In Spain, the government is saving money by not fixing their highways, causing drivers to careen around the country in almost total darkness as the lighting has been the first thing to go. "In some stretches it looks like they've been switching off the lights, in others they are missing the bulbs or the cables," says Pascual Cabello, who runs a fleet of eight trucks. "It's only going to get worse."
To appease European officials and bond investors, Prime Minister Mariano Rajoy is trying to pare the country's deficit by 27 billion euros ($35 billion), an amount equivalent to almost a third of central government spending in 2011. At the same time, Rajoy is battling Spain's second recession since 2009. Unemployment has edged up to 24 percent, pushing up social security payments and damping tax revenue.
Yep, that austerity is a genius solution in every country, isn't it?
While the world's attention has been focused on sovereign debt issues in Spain, Greece and elsewhere, Japan will emerge as a problem area as well as the European developments accelerate, Kyle Bass told attendees at the Skybridge Alternatives, or SALT, conference:
"Greece will circle the drain and be ungovernable in the next 30 to 60 days," said Bass, founder of Heyman Capital and famous for presciently shorting subprime mortgage bonds before the industry collapsed. "Japan is in the crosshairs of the market...I've never seen more mispriced optionality in my entire life." The Bank of Japan, the nation's equivalent of the U.S. Federal Reserve, is effectively monetizing the national debt by buying up 50 trillion yen-worth of Japanese Government Bonds, commonly referred to as JGBs in the marketplace, Bass said.
Greece's Alexis Tsipras has rejected Berlin's austerity program as "barbaric" and counter-productive as youth unemployment in Greece was yesterday revealed to have overtaken even that of Spain, at an almost unbelievable 53.8 percent. This for an economy which, if it sticks to the German program, has a further 150,000 public sector jobs still to shed. Those who think that, with the requisite degree of structural reform, the private sector will automatically move in and fill the gap can forget it. The banking system is insolvent, credit is plummeting, the flight of capital continues unabated and businesses are going bust in record numbers. As long as Greece remains in the euro, there is no plausible path back to growth as the only Nation on Earth with a worst tax to expenditure ration is the United States:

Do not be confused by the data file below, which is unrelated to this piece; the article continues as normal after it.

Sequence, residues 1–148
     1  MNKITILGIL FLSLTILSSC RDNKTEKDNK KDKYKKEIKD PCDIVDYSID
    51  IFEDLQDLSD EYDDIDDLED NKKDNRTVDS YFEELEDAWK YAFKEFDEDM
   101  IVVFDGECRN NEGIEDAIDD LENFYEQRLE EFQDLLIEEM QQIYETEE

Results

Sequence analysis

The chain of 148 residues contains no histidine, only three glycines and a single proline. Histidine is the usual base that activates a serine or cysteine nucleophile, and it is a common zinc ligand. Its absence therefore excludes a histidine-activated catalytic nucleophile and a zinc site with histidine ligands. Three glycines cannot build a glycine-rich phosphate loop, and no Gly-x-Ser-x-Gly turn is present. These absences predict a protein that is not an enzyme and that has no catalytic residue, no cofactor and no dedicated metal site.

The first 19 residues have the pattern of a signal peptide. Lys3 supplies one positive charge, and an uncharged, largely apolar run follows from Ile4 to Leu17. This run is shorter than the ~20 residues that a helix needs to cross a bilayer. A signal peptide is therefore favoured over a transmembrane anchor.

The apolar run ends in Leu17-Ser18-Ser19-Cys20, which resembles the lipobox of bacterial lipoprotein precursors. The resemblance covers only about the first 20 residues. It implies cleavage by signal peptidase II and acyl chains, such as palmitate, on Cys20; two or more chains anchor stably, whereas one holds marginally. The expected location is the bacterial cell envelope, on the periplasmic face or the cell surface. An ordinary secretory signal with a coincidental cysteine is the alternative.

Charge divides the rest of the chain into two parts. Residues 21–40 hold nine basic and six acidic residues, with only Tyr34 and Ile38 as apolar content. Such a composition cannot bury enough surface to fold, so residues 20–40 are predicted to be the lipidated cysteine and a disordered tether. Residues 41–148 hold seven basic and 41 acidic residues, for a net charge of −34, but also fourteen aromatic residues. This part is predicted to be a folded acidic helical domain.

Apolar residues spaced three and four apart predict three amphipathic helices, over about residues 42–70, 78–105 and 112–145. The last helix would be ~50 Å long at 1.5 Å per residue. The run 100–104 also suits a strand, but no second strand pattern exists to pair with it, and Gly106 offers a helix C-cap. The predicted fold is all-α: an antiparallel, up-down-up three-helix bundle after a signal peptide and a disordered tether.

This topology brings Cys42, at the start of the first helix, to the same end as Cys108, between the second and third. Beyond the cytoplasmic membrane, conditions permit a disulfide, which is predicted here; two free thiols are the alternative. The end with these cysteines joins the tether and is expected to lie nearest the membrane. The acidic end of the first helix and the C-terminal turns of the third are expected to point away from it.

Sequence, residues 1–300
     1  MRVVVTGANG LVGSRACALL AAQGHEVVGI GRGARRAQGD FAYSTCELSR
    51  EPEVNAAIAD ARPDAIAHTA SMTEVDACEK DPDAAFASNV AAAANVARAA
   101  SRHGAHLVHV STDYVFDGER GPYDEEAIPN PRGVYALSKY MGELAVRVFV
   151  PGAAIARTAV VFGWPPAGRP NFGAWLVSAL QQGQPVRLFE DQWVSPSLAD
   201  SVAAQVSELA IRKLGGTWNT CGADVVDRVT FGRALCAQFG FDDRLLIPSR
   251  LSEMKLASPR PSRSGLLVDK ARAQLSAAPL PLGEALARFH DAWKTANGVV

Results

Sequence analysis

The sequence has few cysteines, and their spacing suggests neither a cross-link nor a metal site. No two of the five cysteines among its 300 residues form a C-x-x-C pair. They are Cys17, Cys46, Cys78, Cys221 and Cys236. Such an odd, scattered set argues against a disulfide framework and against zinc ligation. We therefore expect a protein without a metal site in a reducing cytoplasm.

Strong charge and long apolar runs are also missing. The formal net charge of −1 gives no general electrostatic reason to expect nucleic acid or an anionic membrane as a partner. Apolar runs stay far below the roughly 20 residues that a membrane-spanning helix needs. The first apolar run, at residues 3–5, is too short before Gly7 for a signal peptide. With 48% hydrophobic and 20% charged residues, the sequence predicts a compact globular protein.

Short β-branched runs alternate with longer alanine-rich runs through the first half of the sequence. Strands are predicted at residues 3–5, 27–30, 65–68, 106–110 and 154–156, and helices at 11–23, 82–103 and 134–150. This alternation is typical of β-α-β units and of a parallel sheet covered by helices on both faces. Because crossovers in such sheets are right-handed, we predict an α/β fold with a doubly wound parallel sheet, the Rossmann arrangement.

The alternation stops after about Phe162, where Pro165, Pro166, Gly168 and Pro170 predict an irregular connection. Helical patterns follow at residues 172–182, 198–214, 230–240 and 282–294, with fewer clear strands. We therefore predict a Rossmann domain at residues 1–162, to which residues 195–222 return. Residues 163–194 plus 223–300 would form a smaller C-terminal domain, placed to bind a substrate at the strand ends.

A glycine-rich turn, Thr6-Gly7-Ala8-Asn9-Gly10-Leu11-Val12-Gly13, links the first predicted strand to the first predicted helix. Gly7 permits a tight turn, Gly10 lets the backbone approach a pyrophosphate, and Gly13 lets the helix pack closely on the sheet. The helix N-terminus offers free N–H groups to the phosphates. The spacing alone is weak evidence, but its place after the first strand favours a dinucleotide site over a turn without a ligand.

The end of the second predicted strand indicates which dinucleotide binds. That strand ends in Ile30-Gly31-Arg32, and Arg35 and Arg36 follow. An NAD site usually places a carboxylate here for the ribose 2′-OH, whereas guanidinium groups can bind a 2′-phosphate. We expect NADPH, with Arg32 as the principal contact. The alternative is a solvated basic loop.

Meanwhile, Moody's has warned that the tendency of global banks to avoid new capital requirement rules and load up on debt will continue to put pressure on their creditworthiness. The credit rating agency announced it was placing 17 banks on review for a downgrade earlier this year, citing "vulnerabilities" in the companies' vast and volatile capital markets businesses.
Keep in mind that none of this is news - the markets are simply beginning to recognize all the flaws I have been pointing out all year, and risk is being slowly priced back in to the equity markets, and that's a good thing. Hopefully JPM's little boo-boo will give us a nice panic sell-off with some volume so we can find a proper floor to buy into. It's not that I think things are suddenly going to get better - more like they can't get much worse - and now we are at the point where it's time to give the can another kick down the road. Sure, long-term, we are all doomed but, like the Mayans - our Central Bankers can always give us another 1,488 years - or at least days - before the end really comes.